On the World Wide Web , a query is a part of a uniform resource locator (URL) containing data that does not fit into a hierarchical path structure. The query string commonly includes fields Added by a Web browser or other application, for example as part of an HTML form . 
A web server can handle a Hypertext Transfer Protocol request Either by reading a file from ict file system based on the URL path or by handling the request using logic That is specific to the kind of resource. In cases where special logic is invoked, the query will be available for that logic for use in its processing, along with the path component of the URL.
Typical URL containing a query string is as follows:
When a server receives a request for such a page, it is a program, passing the query string, which is in this case,
name=ferretunchanged, to the program. The first question mark is used as a separator, and is not part of the query string.  
Web frameworks can provide methods for parsing multiple parameters in the query string, separated by some delimiter.  In the example below, multiple query parameters are separated by the ampersand , ‘
The exact structure of the query is not standardized. Methods used to parse the query string
A link in a web page may have a URL that contains a query string. HTML defines three ways a user can generate the query string:
- an HTML form via the
- a picture server-side map via the
ismapattribute on the
<img>element with a
- an indexed search via the now deprecated
One of the original uses of the HTML form , also known as web form. In Particular, When A form Containing the fields
field3is Submitted, the content of the fields is encoded as a query string as follows:
- The query string is composed of a series of field-value pairs.
- Within each peer, the field name and value are separated by an equals sign , ‘
- The series of pairs is separated by the ampersand , ‘
&‘ (or semicolon , ‘
;‘ for URLs embedded in HTML and not generated by a
While there is no definitive standard, most web frameworks allow multiple values to be associated with a single field (eg
field1=value1&field1=value2&field2=value3).  
For each field of the form, the query string contains a pair . Web forms may include fields that are not visible to the user; These fields are included in the query string when the form is submitted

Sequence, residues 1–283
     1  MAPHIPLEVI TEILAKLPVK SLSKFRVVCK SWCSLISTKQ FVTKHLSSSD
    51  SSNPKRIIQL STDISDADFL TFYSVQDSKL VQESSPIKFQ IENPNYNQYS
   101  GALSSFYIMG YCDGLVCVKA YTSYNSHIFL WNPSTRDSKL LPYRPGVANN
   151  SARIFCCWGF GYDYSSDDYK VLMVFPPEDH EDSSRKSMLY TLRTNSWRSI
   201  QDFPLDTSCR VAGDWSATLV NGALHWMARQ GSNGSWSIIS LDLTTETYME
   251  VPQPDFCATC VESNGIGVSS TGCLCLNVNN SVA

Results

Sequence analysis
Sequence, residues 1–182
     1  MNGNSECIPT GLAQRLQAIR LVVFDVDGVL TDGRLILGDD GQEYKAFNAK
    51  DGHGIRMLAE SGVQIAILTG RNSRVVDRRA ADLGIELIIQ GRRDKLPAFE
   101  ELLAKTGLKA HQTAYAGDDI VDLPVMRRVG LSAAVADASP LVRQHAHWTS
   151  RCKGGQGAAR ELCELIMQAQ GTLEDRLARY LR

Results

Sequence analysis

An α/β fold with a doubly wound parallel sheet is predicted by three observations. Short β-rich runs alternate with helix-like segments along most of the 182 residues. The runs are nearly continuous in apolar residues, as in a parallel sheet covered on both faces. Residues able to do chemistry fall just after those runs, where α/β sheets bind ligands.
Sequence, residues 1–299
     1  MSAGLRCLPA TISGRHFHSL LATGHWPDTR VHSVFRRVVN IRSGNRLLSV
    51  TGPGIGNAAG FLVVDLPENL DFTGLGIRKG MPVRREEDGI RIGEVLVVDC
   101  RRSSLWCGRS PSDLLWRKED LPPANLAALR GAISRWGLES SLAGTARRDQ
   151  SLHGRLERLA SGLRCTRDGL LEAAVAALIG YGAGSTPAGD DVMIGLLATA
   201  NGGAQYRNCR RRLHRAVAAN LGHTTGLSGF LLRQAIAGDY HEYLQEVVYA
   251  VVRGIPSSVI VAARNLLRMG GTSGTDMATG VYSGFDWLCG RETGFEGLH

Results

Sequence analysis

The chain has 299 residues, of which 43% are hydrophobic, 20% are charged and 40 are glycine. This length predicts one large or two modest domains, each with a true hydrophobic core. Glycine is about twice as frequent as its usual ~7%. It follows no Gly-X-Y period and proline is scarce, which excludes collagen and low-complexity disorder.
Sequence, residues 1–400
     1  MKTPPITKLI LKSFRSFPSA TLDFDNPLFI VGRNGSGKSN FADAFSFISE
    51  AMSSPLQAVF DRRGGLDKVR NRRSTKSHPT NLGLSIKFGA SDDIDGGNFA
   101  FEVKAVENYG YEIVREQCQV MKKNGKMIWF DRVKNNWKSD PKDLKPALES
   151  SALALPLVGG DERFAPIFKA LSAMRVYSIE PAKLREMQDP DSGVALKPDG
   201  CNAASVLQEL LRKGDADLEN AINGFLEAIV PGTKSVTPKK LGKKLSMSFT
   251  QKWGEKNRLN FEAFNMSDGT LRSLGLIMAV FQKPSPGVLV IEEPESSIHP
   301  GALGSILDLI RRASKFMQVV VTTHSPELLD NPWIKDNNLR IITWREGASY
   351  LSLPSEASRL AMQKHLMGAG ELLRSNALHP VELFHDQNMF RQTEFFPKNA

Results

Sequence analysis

This convention is a W3C recommendation.  W3C recommends that all web servers support semicolon separators in addition to ampersand separators  to allow application / x-www-form-urlencoded query strings in URLs within HTML documents.
The form is only in GET . The same encoding is used when the submission method is POST , but the result is submitted to the HTTP request body rather than being included in a modified URL. 
Before forms Were added to HTML, browsers rendered the
<isindex>element as a single-line text-input control. The text has been added to the GET request for the database URL or another URL specified by the
actionattribute.  This could not be done without a list of matching pages. 
When the text is inputted to the indexed search is submitted, it is encoded as a query string as follows:
- The query string is composed of a series of arguments.
- The series is separated by the plus sign , ‘
<isindex>element is deprecated and no follow MOST browsers or media render it, there are still vestiges Some of indexed search in existence. For example, this is the source of the special handling of plus sign , ‘
+‘ within browser URL percent encoding (which today, with the deprecation of indexed search, is all but redundant with
%20). Also some web servers supporting CGI (eg, Apache ) will process the query string into command line arguments if it does not contain an equals sign , ‘
=‘ (as per section 4.4 of CGI 1.1). Some CGI scripts still depend on this behavior for URLs embedded in HTML.
Some characters can not be part of a URL (for example, the space) and some other characters have a special meaning in a URL: for example, the character
#can be used to further specify a subsection (or fragment ) of a document. In HTML forms, the character
=is used to separate a name from a value. The URI generic syntax uses URL encoding to deal with this problem, while HTML forms make some additional substitutions rather than applying percent encoding for all such characters. SPACE is encoded as ‘
+‘ or ”
HTML 5 specifies the following transformation for submitting HTML forms with the “get” method to a web server: